Details of previous treatment for Langerhan’s cell histiocytosis were recorded for most patients. Twenty of 78 patients received cranial irradiation. The dose of irradiation was relatively small in most patients (16 Gy or less in 10 of 11 patients in whom this information was available), and in only seven was the hypothalamic pituitary region definitely within the field of irradiation. All but two of the irradiated patients had diabetes insipidus (but in no individual was radiotherapy given specifically to treat this complication). Forty four of 69 patients were treated with cytotoxic chemotherapy, whereas 31 of 46 received steroids. The pubertal status of patients was recorded in most patients at all visits (60 pretreatment, 46 at one year, 34 at two years, and 27 at three years). Entry into puberty was defined as breast stage 2 for girls and a testicular volume of 4 ml for boys.
A proportion of the children had entered puberty by the end of the three years of study. Therefore, longitudinal data from a subset of 17 children who remained prepubertal throughout were analysed separately. Height SDS and height velocity were recorded in all patients at all times, except for six patients whose height velocity was not calculated before treatment. The target height was estimated in all but two subjects and therefore the height SDS minus the target height SDS was calculated for 15 patients at zero, one, two, and three years.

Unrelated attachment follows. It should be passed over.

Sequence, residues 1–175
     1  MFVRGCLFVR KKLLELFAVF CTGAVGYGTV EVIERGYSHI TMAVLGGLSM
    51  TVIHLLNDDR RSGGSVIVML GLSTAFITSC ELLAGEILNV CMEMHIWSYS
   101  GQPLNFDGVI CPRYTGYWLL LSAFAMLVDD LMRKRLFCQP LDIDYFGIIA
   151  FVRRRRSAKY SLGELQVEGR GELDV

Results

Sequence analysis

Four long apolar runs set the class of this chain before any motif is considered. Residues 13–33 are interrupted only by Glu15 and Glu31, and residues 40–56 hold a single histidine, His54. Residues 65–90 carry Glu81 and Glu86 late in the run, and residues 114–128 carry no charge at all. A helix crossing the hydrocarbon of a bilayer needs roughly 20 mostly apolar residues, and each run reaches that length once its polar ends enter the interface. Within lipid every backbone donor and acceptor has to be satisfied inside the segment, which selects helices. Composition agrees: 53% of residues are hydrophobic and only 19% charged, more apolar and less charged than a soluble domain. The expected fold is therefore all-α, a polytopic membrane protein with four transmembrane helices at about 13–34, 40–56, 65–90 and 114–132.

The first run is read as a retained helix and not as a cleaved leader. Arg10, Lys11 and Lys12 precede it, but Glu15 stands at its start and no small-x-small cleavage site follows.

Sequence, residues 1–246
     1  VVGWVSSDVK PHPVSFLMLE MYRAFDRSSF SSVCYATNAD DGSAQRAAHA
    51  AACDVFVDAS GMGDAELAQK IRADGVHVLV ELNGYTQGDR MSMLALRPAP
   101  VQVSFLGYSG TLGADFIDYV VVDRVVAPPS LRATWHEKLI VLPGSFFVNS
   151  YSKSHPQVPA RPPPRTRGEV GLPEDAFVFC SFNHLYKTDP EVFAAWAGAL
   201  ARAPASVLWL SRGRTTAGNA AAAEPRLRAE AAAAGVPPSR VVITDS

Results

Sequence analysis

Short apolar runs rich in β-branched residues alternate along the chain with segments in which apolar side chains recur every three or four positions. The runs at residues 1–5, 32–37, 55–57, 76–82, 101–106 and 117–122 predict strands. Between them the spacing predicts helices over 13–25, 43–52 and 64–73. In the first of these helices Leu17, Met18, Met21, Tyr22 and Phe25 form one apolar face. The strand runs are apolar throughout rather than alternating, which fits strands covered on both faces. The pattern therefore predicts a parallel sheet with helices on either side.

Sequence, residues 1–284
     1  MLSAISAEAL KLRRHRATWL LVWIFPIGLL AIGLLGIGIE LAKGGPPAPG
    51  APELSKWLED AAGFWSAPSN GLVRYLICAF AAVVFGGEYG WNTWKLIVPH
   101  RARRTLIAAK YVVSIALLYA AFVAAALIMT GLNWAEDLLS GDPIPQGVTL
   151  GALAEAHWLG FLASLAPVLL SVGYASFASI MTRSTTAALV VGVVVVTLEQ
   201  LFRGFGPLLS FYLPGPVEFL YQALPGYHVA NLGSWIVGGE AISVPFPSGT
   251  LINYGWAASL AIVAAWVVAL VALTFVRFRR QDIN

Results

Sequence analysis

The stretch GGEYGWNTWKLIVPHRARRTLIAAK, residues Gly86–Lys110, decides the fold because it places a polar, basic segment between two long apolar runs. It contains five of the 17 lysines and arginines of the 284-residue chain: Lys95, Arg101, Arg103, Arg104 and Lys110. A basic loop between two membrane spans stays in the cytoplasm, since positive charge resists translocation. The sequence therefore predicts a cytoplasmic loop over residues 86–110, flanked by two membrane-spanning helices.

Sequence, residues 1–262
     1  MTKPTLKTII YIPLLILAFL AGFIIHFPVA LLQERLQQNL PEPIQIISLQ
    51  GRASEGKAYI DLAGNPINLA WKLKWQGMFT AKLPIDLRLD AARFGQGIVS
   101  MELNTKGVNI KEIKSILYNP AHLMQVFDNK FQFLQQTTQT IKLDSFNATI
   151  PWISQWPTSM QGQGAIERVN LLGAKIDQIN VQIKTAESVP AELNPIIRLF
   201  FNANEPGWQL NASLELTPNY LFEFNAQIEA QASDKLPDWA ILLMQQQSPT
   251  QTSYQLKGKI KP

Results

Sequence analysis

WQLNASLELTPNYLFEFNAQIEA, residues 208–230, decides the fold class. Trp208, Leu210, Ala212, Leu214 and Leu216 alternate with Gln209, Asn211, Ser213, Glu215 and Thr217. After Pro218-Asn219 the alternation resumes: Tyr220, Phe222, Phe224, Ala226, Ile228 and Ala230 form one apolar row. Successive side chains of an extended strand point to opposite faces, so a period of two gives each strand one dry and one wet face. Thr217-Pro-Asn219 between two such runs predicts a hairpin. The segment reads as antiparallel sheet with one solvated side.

The diagnosis of growth hormone deficiency was based on auxological criteria (height SDS, height velocity) along with the growth hormone response to standard stimulation tests, insulin induced hypoglycaemia and arginine being the most commonly used agents. The median (10–90th centile) growth hormone peak during provocative testing was 2.1 μg/l (0.4–5.0) (conversion to IU: 1 μg/l = 3 mU/l) in the group as a whole and 2.0 μg/l (0.2–5.3) in the 17 prepubertal patients followed longitudinally. All patients were subsequently treated with growth hormone at a median dose of 0.17 mg/kg/week (0.14–0.26).